Hold tight and try to avoid the bad news sickness
Any idea who said that and when? Was it last year? Or last month, bearing in mind Donald Trump’s supposed impeachment, or does it refer to Brexit? What about the disturbances in France and Hong Kong? Spoilt for choice, eh?
If you’re like me you’ll be surprised to discover that they were found inscribed on a stone in a museum in Constantinople and dated from 3800 BC! Yes, really. So my old Latin teacher at Linlithgow Academy back in 1963 was right when he used to say that throughout history people don’t change. Generation after generation are attracted to negative news, preferring pessimism for some reason. And it’s always been that way. Bad news spreads like a virus.
Less than a month ago the headline worries were all about Trump (again) and tariffs. Or was it too much debt, or umpteen pessimists warning us that overvalued stockmarkets were on the cusp of a crash, repeating their annual negative mantra for a decade. Then out of left field came 2019-nCoV, better known as Coronavirus the latest pandemic health scare to induce panic.
By my calculations, we’ve had nine health panics since the Ebola crisis in 1976 which infected 33,500 and killed 13,500, a fatality rate of some 40%. SARS in 2002 had only 8,100 cases and killed 770, a fatality rate of over 9.5%. And whereas Ebola only spread to nine countries, SARS reached 29, more than Coronavirus so far. Touch wood.
By the end of January the World Health Organisation reported that there were 9,800 cases confirmed, and 213 deaths, a fatality rate of 2.2%. But it does seem to be spreading fast. I saw figures only days later suggesting that as many as 35,000 people were affected, mainly in China, with some 800 deaths which would keep the fatality rate much lower than any previous recorded pandemic.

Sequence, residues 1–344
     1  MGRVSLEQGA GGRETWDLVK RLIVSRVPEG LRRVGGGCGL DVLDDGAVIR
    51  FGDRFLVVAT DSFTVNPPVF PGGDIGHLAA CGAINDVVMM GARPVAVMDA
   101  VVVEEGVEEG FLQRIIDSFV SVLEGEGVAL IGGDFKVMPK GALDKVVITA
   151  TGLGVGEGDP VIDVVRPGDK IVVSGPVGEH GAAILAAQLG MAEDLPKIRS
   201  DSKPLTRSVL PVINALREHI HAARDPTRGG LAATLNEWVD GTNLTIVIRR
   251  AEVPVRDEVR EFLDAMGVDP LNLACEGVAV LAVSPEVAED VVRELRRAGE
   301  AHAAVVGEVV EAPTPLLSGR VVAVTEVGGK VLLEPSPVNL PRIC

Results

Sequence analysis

But before you quarantine yourself in the toilet, appropriately masked, and rush to sell all your investments, let’s take a look at what has become overlooked these days… facts. So far. there have been no confirmed coronavirus deaths in the US or UK. It’s also worth noting that more than 10,000 Americans have died of the common or garden flu since last October. I also spotted a report from Wuhan where the virus originated that found the median age of those dying was 75. As usual it’s the old and the very young that are at most risk.
Last Friday, when the medical authorities finally wakened up to the seriousness of the virus and headline writers found something new to worry investors about, world stock markets fell. Over in the US where investors also had Trump’s possible impeachment to worry about, the market had “a bad day.” A bad day apparently is when the stock market falls by at least one and a half per cent.
Have you noticed that despite constant bad news dominating Bad News at Ten we’re fast approaching the eleventh anniversary of the Bull Market that kicked off on the 6 March 2009 when nobody was looking? And as the US stock market the shape of the S&P 500 (which is not a supercar race by the way) has more than doubled in the last five years, there have been 59 separate days when it fell by at least one and a half per cent! 59! Imagine that!
Coronavirus is the latest global health scare
Recently Johan Norberg reminded us that “pessimism resonates”, and reported that “a YouGov poll found that just 5% of Britons think that the world is getting better.” The Americans are more optimistic: “6% of them think the world is improving.” Shucks. More Americans believe in astrology than that.
As to China he reminds us that, less than 40 years ago almost nine in ten Chinese lived in extreme poverty. Now only one in ten do. In 1981 just half of the world’s population had access to safe water. Now 91% do. And there’s plenty more to rejoice over in terms of removing millions from poverty. If you dig below the gloom smokescreen you’ll find that humanity has never been safer, healthier or less unequal. Fact.
But in the meantime as the coronavirus dominates the headlines and probably will have some impact on global trade, if you do have growth equity investments in a portfolio or a pension plan that have had a great run over the last five or ten years it’s not a bad idea to turn off the telly and ignore those who pay too much attention to Henny Penny. The sky might be a bit darker right now but the chances are it won’t be falling down any day soon.